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Public health

Prisoners hospitalised because of lack of access to medicines, MPs find

Overcrowding, bullying and poor access to healthcare are compromising the safety and wellbeing of prisoners. 

A lack of access to vital medicines including pain relief, mental health drugs and insulin has led to some prisoners being hospitalised, according to a parliamentary report.

In some prisons, this “endemic” lack of access is triggered by a prison market in illicit drugs where inmates can potentially be bullied for their medicines. This culture means that health professionals are reluctant to prescribe medicines in case it exposes prisoners to abuse, the inquiry and subsequent report into prison healthcare by the House of Commons health and social care select committee found.

The report, published on 1 November 2018, highlighted the problems prisoners have with accessing treatment. It said: “Prisoners can experience delays in getting access to medicines, including medicines they’ve been prescribed before they enter prison or when they are transferred to another prison.

“The Prisoner Advisory Service informed us that prisoners can be left without vital medication including beta blockers, insulin, mental health medication and pain relief.”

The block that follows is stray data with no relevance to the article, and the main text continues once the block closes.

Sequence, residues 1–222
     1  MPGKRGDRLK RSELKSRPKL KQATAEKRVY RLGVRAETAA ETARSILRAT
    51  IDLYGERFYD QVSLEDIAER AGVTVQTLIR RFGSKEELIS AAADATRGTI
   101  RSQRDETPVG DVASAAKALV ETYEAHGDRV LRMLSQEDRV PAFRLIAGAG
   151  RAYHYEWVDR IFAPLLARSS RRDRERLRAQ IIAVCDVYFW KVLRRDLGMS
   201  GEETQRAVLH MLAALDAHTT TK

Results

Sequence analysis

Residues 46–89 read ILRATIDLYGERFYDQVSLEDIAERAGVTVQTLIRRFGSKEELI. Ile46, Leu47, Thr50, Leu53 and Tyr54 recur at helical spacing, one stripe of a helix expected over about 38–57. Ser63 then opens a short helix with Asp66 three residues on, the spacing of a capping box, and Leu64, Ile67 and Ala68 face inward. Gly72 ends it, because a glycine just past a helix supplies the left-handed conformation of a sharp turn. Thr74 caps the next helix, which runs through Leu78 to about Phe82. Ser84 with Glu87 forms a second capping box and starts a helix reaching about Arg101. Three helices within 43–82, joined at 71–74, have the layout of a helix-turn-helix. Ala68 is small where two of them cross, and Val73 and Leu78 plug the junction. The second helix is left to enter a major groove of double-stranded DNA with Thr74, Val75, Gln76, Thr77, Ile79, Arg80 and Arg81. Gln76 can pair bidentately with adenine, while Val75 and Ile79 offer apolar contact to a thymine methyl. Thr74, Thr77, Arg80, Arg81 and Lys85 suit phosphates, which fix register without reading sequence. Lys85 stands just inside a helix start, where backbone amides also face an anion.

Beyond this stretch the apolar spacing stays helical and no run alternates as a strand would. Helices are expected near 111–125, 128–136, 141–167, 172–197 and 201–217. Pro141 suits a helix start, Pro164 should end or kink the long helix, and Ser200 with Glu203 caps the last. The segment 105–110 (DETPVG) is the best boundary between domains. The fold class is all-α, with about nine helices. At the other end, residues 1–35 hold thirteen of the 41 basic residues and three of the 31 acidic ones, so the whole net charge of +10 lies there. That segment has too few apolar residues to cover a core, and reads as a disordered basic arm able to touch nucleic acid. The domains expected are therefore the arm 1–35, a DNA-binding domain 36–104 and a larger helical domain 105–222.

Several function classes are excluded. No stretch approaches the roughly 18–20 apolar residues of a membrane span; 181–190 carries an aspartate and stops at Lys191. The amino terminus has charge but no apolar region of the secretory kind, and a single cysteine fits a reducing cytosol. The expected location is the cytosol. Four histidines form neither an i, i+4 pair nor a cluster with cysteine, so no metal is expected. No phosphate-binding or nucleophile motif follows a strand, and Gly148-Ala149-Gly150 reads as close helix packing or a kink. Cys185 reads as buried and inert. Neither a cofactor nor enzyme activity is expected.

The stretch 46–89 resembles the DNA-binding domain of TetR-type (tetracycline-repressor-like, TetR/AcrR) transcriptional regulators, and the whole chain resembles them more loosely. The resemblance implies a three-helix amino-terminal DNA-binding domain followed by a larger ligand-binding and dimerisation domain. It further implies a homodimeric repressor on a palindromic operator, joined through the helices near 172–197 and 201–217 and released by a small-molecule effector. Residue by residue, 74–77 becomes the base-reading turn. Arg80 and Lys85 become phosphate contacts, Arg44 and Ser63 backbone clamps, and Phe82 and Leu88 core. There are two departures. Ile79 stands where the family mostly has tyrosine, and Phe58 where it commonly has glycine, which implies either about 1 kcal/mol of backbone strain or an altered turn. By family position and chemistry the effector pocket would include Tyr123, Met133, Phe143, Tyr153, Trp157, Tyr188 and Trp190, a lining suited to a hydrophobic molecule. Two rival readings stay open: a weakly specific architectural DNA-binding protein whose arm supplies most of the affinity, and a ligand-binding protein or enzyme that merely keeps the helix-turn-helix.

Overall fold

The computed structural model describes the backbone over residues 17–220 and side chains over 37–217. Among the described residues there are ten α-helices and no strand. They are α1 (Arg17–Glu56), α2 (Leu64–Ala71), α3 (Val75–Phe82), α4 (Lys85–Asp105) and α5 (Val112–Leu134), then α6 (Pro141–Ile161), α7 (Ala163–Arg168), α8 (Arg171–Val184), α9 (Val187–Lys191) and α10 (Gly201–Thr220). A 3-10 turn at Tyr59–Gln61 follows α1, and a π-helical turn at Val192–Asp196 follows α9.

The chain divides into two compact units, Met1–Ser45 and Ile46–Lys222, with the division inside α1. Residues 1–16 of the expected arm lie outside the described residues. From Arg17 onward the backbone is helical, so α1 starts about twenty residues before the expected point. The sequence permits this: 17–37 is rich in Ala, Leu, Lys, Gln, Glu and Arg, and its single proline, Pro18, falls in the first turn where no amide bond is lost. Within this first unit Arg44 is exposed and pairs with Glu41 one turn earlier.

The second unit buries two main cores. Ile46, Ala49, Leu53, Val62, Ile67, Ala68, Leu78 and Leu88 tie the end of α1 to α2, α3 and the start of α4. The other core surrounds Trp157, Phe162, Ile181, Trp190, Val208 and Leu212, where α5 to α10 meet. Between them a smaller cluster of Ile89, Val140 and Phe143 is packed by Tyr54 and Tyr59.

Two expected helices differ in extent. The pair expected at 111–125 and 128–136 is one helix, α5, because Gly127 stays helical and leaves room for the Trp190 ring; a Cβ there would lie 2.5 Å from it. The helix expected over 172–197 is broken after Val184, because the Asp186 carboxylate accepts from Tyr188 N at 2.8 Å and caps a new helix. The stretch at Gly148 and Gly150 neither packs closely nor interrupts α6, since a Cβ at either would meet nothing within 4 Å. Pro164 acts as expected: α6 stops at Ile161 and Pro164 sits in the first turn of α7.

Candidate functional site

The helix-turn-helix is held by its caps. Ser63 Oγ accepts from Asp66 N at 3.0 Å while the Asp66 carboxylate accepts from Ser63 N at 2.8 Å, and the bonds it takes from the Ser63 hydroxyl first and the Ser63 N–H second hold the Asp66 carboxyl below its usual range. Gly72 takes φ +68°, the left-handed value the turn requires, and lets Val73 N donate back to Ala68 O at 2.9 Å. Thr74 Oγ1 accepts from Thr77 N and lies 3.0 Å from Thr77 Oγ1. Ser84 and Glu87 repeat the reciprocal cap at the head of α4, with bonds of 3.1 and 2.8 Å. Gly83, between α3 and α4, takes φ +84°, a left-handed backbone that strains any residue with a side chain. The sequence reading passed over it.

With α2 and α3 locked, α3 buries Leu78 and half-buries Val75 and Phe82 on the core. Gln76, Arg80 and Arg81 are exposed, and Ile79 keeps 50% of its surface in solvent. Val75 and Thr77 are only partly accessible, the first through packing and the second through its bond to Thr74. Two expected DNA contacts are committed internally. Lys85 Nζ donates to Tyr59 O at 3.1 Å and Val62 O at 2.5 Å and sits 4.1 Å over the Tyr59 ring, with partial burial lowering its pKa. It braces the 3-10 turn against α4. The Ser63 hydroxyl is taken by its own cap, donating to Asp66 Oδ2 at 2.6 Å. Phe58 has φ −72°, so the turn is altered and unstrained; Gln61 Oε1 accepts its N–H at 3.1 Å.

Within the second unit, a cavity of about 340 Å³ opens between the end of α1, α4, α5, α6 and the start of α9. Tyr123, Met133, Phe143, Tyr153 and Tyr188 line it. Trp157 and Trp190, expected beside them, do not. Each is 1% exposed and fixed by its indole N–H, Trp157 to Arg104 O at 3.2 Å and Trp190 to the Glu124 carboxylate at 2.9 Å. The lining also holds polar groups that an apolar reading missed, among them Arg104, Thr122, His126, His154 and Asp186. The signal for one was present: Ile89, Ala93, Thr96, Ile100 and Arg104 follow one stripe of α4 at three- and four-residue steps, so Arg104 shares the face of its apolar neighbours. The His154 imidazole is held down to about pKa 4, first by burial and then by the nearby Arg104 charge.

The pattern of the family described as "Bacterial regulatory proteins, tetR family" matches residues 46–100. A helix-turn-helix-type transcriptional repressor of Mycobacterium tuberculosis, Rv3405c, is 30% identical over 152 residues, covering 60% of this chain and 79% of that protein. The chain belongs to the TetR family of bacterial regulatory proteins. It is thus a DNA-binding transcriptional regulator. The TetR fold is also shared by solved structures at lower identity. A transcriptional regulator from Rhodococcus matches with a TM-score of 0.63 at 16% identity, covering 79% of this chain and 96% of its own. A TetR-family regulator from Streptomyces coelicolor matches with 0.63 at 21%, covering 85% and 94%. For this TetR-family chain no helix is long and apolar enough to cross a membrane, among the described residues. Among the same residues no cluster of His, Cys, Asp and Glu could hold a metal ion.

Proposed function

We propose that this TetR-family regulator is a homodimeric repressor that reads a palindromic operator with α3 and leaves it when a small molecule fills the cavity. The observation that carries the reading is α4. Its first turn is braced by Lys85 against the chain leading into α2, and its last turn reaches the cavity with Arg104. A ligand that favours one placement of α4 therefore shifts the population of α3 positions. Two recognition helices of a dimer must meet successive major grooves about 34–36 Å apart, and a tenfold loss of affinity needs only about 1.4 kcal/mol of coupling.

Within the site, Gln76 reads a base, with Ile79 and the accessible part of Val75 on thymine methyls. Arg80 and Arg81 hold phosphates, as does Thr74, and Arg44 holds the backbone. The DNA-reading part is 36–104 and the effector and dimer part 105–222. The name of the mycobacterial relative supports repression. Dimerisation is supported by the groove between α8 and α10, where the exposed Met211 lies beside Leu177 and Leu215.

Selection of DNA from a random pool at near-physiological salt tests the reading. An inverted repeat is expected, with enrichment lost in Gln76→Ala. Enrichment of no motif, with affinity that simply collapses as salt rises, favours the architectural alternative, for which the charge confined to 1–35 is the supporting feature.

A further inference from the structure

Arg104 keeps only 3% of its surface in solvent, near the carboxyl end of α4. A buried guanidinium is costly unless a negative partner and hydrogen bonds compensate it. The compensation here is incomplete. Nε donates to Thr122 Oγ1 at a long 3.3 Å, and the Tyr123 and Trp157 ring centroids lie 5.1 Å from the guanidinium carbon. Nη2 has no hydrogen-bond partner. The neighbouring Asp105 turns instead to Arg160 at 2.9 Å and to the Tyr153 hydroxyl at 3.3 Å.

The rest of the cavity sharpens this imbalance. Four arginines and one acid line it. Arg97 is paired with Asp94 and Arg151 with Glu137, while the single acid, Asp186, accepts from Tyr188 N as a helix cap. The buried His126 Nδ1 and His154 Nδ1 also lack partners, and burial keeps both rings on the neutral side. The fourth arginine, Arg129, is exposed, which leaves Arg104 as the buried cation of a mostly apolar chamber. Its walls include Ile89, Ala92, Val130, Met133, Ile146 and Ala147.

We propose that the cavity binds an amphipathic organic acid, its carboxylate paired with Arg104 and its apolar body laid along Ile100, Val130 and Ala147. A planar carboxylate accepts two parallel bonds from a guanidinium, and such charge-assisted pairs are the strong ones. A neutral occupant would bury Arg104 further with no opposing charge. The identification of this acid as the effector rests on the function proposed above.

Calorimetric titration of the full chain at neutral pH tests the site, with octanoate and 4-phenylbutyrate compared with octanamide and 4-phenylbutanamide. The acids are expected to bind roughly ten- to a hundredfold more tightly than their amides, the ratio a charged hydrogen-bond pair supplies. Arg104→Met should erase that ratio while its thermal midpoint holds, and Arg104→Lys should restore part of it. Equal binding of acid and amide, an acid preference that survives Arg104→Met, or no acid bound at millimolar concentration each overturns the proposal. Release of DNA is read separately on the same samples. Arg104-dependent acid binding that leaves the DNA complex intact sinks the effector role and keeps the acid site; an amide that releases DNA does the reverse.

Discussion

The report also found that the lack of a basic over-the-counter community pharmacy service was increasing pressure on existing prison health services. The report said: “Prisoners need to make an appointment for even minor ailments like a cold or a headache, which outside are dealt with over the counter.

“Delays are also caused by the risks of giving some prisoners access to more than a day’s worth of medication. For prisoners that could be trusted, they could access a week’s supply, but for others this was not possible.”

Sarah Wollaston, committee chair, said: “We need assurances from government that it will urgently address the very serious situation in prisons with a whole systems approach underpinned by sufficient funding and attention to the prison and healthcare workforce.”

The committee has put forward 32 recommendations including the need for a “more robust” health screening of prisoners – especially for those who have substance use disorders. It also wants to see a commitment to reduce health inequalities in the prisoner population.

Citation: The Pharmaceutical Journal DOI: 10.1211/PJ.2018.20205689

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